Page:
[Cryptography] [messaging] Gossip doesn't save Certificate Transparency

Jerry Leichter leichter at lrw.com
Fri Oct 17 07:32:43 EDT 2014

On Oct 15, 2014, at 8:18 PM, Bill Frantz <frantz at pwpconsult.com> wrote:
>>> Here I'm sitting, using my phone for Internet with a 2 gig limit before the charges start coming
>> in. I avoid 30MB downloads like the plague.
>> a)  Deltas will be tiny.  How often does a site need to change its keys?
>> b)  You never connect to WiFi?  Just how up-to-the-minute do you need your list of keys to be?
> If deltas are tiny, then there is much less of a problem.
Since we're talking specifically about size, keep in mind that my 30 meg estimate was deliberately on the high side, assuming 100,000 RSA keys and uncompressed site names.  If you use ECC, compressed site names, and let those for whom size is a major issue use a shorter list, the file could be dramatically smaller,

> If a site can continue to use its old key while phasing in a new one, then if I can select the old key I can wait until I get to an area of high bandwidth/cheap bandwidth before updating the keys.
Keep in mind that for this to work there needs to be a proper key rollover procedure.  Presumably the site will send you its new key signed with its old one, which you'll normally accept if your copy of the old key is recent enough.  That doesn't handle revocation in the case of key compromise - but that's impossible without real-time validation of keys, which (a) is an independent issue that's the same whether we are talking certs or keys; (b) comes with its own bag of problems.

> If, on the other hand, it all happens "automagically" in the background, I may buy a big bill with out knowing it. I have this problem with auto-download of replacement phone software. That download takes about an hour on DSL. I don't know what it will do to my cell phone bill, which is why I have the system set to download only on command.
A decent implementation would need to allow you to control this.  It's not hard.  (In fact, in iOS the ability to use cellular data is directly controllable on an app by app basis through the OS, exactly to deal with this kind of thing.  I don't know if recent versions of Android provide the same capability.)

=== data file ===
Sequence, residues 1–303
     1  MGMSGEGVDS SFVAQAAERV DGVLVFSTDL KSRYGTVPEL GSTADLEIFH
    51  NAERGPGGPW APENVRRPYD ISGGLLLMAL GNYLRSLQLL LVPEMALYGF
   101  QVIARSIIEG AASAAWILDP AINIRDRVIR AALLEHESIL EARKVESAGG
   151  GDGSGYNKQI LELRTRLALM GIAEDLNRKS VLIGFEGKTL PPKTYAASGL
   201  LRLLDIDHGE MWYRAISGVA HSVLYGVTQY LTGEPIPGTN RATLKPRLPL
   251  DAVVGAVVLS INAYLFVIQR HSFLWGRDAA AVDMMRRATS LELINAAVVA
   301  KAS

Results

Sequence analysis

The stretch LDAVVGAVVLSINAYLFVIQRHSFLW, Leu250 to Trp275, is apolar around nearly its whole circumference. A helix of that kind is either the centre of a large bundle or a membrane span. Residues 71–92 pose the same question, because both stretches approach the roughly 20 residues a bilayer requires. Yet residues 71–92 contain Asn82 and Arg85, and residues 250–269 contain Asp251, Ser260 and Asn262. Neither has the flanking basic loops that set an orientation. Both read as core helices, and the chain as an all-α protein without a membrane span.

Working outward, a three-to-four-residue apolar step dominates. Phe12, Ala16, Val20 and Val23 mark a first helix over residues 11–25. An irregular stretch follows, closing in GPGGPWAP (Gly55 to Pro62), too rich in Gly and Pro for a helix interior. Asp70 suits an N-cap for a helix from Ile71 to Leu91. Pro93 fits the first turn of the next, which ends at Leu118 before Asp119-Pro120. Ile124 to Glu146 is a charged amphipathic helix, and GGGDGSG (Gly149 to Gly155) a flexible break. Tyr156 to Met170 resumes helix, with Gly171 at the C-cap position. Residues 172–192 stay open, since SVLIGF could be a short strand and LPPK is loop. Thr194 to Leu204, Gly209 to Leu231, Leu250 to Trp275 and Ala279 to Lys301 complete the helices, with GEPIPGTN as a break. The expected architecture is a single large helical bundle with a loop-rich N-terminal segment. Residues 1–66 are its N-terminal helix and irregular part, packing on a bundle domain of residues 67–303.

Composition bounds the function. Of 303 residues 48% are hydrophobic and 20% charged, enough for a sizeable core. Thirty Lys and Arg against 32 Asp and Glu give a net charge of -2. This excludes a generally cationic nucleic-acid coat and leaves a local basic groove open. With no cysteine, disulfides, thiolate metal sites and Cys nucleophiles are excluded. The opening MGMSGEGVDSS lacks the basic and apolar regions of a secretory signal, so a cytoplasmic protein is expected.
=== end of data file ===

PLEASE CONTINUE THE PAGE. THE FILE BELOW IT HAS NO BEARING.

>>> At home, with "unlimited" (i.e. how much bandwidth does DSL have anyway), I would feel differently.
>> I also have friends with only dialup, and they will indeed feel very differently from me.
>> What modern web sites are they looking at over dialup?
> I have no idea, but I could see them doing banking.
I stopped thinking of dialup as a significant constraint when by wife's parents finally, after complaining for years about how "they take away the stuff you use and make you pay more", finally dropped their AOL dialup account and got their Internet through the cable provider they were paying for anyway.  One bases one's views on personal experience, I guess.  

The most recent statistic for the US that I was able to find in a quick search was a Pew survey done in May 2013, at which time 3% of users used dialup for Internet access from home - a percentage that hadn't changed since an August 2011 survey, even as broadband usage grew from 62% to 70%.  Having seen - even a couple of years back - just how limited a view of the Internet dialup provides today, I wouldn't worry very much about how to provide crypto updates to that remaining population.  What they need much more is better access.

>> At some point, one has to move on and stop supporting IE6 :-).  Should we also worry about people still using 2400 baud modems?
> Well, I think there will always be people with poor connectivity. I think we should make it possibile for them to enjoy as much of the online world as possible. We probably can't show them movies, but email and text messaging are low bandwidth. Some level of web browsing is also possible, limited by their patients.
> How do you think we should treat them?
I don't see any particular responsibility on anyone's part to adjust things to an obsolete least-common-denominator.

Back in the 1970's, I designed protocols that had to run in Europe over X.25.  The European PTT's at the time had a complete monopoly on any communications infrastructure that cross public space.  If you had two buildings on opposite sides of a road, you couldn't run a wire between them - you had to use the PTT and X.25.  X.25 was charged by the packet - I think 128 bytes.  Send a one-byte ACK - pay for a packet.  And that packet did not come cheap.  Designing for this environment was crippling.  Imagine if the designers of IP had been told that it had to work - at "reasonable cost" - over X.25.

Times change.  Technology changes.  Yes, people get left behind unless they are in a position to upgrade.  The US continues to have massive fraud problems with credit cards because we refused for so long to move off of magnetic stripe technology:  Just think of the cost of replacing all those POS systems!  Even now, we're doing a half-way move to chip-and-signature, which is only a small improvement over chip-and-pin - but does a better job of keeping all those "legacy" players going.

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